Dinemic framework provides data mapper for C++ classes. Once you inherit DModel class, you will be able to use simple API to store and read data in your objects. In this article you will learn how to use get/set properties (and similar), related to object. DField and DLists are described in separate document.

Inherit DModel class

In previous chapters you’ve read some basic information about DModel. Let’s take a deep look into this class.


Each class inheriting from DModel should implement all two constructors. One for creating new object (first in following example) and one to re-create object anywhere in cluster (second constructor)

#include <libdinemic/dmodel.h>
class MyModel : public DModel
    // Create new object
    MyModel(StoreInterface *store,
           SyncInterface *sync,
           const std::vector &authorized_keys);
    // Re-create instance of existing object anywhere in cluster
    MyModel(const std::string &db_id, StoreInterface *store, SyncInterface *sync, DModel *parent=NULL, DModel *caller=NULL);

    // Create new object as child
    MyModel(const std::string model_name, DModel *parent);

Better understanding the purpose of each constructor will help you take all benefits comming from using dinemic ecosystem. First constructor is most similar to one known from standard C++ approach. It creates new object. As parameters it gets pointers to store and sync interfaces to communicate with framework. This constructor should be used only in case, when we want to create new object in dinemic database. Calling it causes, that pair of private/public keys are generated on host, that calls this constructor. Such pair of keys is stored in dinemic keyring. After creating object dinemic framework creates notification about new object and broadcasts it over network to all other applications. Once object is created with this constructor, whole cluster should know its database ID, public cryptographic key, and public signature key. Additional parameter is list of authorized IDs. With this property you can define who can modify your object and who can read its encrypted data (if encryption was enabled on particular fields – this will be covered in next chapter).

Second one is used to recreate objects. This is most important constructor of concept that drives dinemic architecture. By better understanding it you will faster create properly designed applications in dinemic architecture. Use of first constructor is usually

Imagine, that you are receiving information about new object created somewhere in cluster of dinemic nodes. Then, depending on context, you should be able to get such object with the same data inside, in your application/ Described in Chat tutorial DActions are using this constructor in this way. Once DAction is called, you probably will need to get into some interaction with such object. This constructor could be easily used to create such object temporarily:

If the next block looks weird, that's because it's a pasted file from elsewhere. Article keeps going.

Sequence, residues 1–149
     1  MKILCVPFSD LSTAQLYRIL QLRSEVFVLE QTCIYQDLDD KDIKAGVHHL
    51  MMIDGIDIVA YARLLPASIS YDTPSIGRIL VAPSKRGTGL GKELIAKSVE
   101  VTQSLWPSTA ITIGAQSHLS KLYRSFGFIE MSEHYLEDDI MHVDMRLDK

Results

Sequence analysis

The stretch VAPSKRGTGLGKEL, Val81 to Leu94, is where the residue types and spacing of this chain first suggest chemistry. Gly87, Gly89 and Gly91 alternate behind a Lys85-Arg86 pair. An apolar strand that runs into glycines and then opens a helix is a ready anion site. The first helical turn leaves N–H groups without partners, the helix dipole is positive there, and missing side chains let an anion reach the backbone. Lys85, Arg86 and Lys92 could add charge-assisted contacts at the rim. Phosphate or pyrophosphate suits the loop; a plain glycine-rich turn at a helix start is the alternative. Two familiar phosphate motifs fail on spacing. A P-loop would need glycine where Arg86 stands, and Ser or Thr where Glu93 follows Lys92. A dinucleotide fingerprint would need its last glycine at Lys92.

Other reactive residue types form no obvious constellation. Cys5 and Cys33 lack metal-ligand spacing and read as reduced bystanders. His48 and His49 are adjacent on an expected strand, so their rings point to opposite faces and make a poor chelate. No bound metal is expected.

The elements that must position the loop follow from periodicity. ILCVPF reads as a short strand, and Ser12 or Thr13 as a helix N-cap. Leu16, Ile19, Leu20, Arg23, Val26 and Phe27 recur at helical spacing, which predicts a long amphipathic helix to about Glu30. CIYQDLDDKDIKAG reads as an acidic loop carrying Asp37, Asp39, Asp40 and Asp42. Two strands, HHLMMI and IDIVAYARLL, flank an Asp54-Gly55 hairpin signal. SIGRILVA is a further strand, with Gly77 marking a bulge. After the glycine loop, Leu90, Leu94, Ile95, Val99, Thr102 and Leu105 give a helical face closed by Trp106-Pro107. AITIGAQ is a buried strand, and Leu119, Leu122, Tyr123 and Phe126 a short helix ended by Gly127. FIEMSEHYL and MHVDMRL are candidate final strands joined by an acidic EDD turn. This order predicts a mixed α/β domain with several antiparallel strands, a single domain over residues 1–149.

my_model_id = config.get("my_important_object");

MyModel object(my_model_id);

Then you can execute gets/sets on this object to update its data. All updates should be visible soon in all neighbor nodes.

Simple get and set

The simplest way to update object’s data is to use its get and set properties. Once object is (re)created in you application, you can execute following code:

object.set("MyKey", "Some value");

Remember, that dinemic provides asynchronous data propagation. It means, that any changes in your objects, even local will appear with some delay. Your local instance of dinemic application should first process such chage and update object’s status in local database. Then change should be visible in your object. You can also use local variables instead, but remember, that non-dinemic fields will be visible only in your local object. Any other node with this object will not see such field.

Dinemic provides key-value database backend with no strict schema required. It means, that if you try to get non-existing value from key-value store, you will get empty string or passed as parameter, default value for get method. You should remember that, in context of data synchronization. In case of split brains of your application’s cluster your code might get not up to date values. Dealing with it should make your application more resistant for failures.

To get list of all fields you can call keys method on your object:

vector keys;

keys = object.keys();


Key-value store is not only data type. You are able to use lists in dinemic application. Let’s create one:

MyModel object("MyModel:12039ufrw...", store, sync);

object.list_append("first_list", "a");
object.list_append("first_list", "b");

As you see, it is not necessary to declare such list before using it. You can just append new values to it. No declaration means also, that there is no guarantee, that other instance of your model will not make the same list somewhere else in cluster. This is why list elements are indexed, but theirs primary index is in fact random string, internally.

You can use set method to tell explicit which element you want to set. If that is existing element, then it will be replaced:

object.list_set("first_list", 1, "x");

Finally, to get element of list you can call:

object.list_at("first_list", 0); // == "a"
object.list_length("first_list"); // == 2
object.list_index("first_list", "x"); // == 1, check above - we've just replaced b with x

Last thing what we might want to do with list is to remove one element:

object.list_delete("first_list", 0);